Because the film features many scenes where multiple dogs are in the same scene, conversing or making off-the-cuff remarks, a popular style of editing known as “comping” is employed. This involves shooting each of the dogs individually, within the same setting, and then through the magic of post-production, constructing the individual shots into one to look as if the dogs are really all sharing the same space at once. It allows the filmmakers a way to handle the agency of the dogs, and assure they don’t have any difficultly interacting.

“The challenges around [the film’s production] were communication,” Gosnell says, confirming my suspicion. “I talk to the trainers and the trainers communicate with the dogs. For me, [the goal] is to get as naturalistic of performances out of the dogs as possible. [But] they’re dogs, you can’t ask them to do what you’d as a human to do. It’s a combination of using their natural behaviors and movements to go with what the character’s attitude is in that moment. I hope the dog can turn around and look, but if they can’t, I have a just-in-case plan.”

Beverly Hills Chihuahua was originally conceived as a film called “South of the Border,” and it was designed as story centered around a Chihuahua’s spiritual journey to its homeland leading to a discovery of his/her ancestral roots. Essentially, Gosnell shot “South of the Border” as it was written/intended, but once again, executives had other plans in mind. They wanted a film that could live up to the title “Beverly Hills Chihuahua.” The fascinating part is that much of that original conceit is still embedded in the film, most notably in its attention-to-detail with Mexico and the landscape of the country.

“We immediately said we have to shoot [the film] in widescreen,” Gosnell recalls, “[because] we had to capture the visuals and the Mexican desert. It was taking the best of what it really is. We wanted Mexico to be really colorful with the reds and blues, and I think we went with a contrast of Beverly Hills, which was whites, sheers, and pastels. So when [the characters] cross into the border, it’s a blast of primary colors.” Gosnell notes the issue of perspective as well, saying, “anytime you’re in Chloe’s world, you’re two feet off the ground,” reminding us that even from a POV aspect the film had its own creative challenges.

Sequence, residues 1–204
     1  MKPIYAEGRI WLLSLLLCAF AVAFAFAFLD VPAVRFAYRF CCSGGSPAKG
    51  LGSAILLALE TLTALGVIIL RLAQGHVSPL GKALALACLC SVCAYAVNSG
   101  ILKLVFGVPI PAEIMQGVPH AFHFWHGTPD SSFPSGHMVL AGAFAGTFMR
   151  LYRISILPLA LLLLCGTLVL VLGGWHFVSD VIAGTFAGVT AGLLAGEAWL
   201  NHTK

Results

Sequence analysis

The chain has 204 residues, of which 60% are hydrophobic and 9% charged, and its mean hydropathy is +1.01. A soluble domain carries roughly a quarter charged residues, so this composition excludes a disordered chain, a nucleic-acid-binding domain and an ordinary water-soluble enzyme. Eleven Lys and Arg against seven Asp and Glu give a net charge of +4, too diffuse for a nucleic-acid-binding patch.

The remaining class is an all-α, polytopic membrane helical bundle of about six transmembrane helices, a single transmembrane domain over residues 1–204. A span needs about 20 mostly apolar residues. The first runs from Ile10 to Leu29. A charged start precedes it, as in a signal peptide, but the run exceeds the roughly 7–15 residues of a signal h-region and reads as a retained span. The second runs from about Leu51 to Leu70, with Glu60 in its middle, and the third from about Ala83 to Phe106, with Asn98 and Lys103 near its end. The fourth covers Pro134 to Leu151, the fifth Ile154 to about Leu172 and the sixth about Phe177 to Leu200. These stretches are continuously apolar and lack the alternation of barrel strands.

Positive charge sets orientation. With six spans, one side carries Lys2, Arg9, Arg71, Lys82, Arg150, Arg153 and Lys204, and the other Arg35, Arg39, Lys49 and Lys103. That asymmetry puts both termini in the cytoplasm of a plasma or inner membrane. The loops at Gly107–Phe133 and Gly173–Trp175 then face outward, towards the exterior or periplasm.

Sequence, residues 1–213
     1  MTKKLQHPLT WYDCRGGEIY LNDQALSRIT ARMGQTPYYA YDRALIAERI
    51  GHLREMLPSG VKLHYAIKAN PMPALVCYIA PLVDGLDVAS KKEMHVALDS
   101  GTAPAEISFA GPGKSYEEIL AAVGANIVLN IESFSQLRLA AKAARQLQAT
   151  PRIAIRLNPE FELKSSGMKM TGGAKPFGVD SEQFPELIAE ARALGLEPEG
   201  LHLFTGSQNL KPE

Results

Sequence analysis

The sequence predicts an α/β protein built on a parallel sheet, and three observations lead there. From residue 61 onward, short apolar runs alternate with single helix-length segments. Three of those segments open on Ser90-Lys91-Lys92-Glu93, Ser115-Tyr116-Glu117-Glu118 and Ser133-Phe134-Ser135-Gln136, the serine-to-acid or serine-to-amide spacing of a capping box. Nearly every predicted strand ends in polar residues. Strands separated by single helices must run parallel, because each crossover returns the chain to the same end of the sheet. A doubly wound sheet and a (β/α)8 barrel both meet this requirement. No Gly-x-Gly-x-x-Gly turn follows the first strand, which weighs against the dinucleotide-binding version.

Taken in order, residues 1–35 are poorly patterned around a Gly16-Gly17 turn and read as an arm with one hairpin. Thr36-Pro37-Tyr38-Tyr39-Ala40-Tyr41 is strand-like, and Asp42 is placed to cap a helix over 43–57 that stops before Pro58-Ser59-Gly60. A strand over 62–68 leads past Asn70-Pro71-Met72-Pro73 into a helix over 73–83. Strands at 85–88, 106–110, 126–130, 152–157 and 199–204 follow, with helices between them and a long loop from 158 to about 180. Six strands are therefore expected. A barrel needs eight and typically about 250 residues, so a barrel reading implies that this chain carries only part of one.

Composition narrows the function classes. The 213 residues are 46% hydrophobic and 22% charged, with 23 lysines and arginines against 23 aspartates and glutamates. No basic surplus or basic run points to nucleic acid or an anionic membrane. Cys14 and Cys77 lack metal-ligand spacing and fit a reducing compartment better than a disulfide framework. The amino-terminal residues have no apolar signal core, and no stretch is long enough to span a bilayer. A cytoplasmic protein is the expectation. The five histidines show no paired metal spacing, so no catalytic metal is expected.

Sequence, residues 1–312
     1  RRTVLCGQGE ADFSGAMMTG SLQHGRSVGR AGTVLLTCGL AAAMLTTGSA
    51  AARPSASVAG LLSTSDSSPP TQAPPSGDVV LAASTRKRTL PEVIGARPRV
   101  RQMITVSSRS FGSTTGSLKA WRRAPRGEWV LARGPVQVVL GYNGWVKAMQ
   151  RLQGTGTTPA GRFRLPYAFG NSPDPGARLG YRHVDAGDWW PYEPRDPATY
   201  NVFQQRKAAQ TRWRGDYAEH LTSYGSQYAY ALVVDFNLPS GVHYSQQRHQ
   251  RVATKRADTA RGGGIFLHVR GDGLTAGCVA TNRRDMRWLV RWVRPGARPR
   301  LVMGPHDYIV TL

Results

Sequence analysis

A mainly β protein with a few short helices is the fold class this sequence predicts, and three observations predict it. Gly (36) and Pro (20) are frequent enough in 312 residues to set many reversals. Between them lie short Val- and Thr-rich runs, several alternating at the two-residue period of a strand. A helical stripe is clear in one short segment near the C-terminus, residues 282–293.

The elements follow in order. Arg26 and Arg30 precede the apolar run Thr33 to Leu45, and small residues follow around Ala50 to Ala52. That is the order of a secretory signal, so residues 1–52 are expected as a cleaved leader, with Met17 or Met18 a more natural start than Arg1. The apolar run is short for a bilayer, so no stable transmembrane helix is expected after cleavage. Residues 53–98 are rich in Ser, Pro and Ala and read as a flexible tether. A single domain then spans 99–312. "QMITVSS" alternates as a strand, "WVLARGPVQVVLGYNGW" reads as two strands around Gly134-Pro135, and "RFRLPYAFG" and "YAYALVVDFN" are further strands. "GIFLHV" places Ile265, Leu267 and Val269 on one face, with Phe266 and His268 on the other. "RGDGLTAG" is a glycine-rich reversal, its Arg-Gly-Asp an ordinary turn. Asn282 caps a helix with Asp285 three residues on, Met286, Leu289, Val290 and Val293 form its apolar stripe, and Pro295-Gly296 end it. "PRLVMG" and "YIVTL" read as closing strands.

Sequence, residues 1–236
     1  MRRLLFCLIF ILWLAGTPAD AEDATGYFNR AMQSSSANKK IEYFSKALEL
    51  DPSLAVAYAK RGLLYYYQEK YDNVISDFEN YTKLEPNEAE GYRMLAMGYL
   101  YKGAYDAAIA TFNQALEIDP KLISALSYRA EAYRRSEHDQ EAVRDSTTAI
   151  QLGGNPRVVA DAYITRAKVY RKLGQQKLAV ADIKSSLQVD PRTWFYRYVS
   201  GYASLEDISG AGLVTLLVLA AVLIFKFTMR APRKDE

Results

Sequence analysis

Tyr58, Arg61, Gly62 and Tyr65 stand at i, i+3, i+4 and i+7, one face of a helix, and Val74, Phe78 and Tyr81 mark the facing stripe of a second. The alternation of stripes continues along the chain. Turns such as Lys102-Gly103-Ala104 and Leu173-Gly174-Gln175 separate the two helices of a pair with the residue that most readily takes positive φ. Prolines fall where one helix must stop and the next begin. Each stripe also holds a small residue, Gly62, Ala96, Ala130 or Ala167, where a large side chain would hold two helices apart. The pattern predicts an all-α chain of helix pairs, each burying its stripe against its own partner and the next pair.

Details like this make just another talking dog movie that much more noteworthy, and that process and creative brainstorming on part of Gosnell and his legion of talented crewmembers (who he’s always quick to praise and give credit) peels back the curtains to reveal a deceptively layered film from an aesthetics standpoint.

The Smurfs (2011):

After spending a lengthy amount of time in the mix of rights deals, negotiations, and script-rewrites, the film adaptation of The Smurfs was entrusted to Raja Gosnell, most likely on the basis that he worked his Houdini magic for two Scooby-Doo movies despite another in-house shakeup (more on that some other time). Gosnell’s audio commentary on the DVD of The Smurfs reveals interesting details behind the film’s production. For one, each shot of a Smurf in the film cost roughly $35,000, with the studio-approved number of shots being no more than 835. This is why, Gosnell says, you see more wideshots of Smurfs and less closeups, for the inclusivity of the characters needed to be taken into account, and over the cost of what became a 103 minute film, him and the crew literally couldn’t afford to waste a shot.

“Every film has its own challenges and every day on a film set has its own challenges,” Gosnell says. “It’s a lot of planning and pre-planning and budgeting that goes into [CG movies] to the point where I had to literally sign-off that I can execute [said] page of the script with two wide-shots and three close-ups.” 

With films that place animated characters in the world of CG figures, there’s also the additional difficultly of having the actors work off of subjects who don’t exist. Gosnell calls this a “certain freedom” for both him and the performers, commending both Neil Patrick Harris and Hank Azaria for doing such a phenomenal job. “We had little light sticks to help with their eye-lines, but it was basically [them] reacting to people off camera doing the lines. You kind of got to treat the Smurfs like[…]shooting actors, and there’s a little bit of a learning curve for everybody cause it’s all in my head.”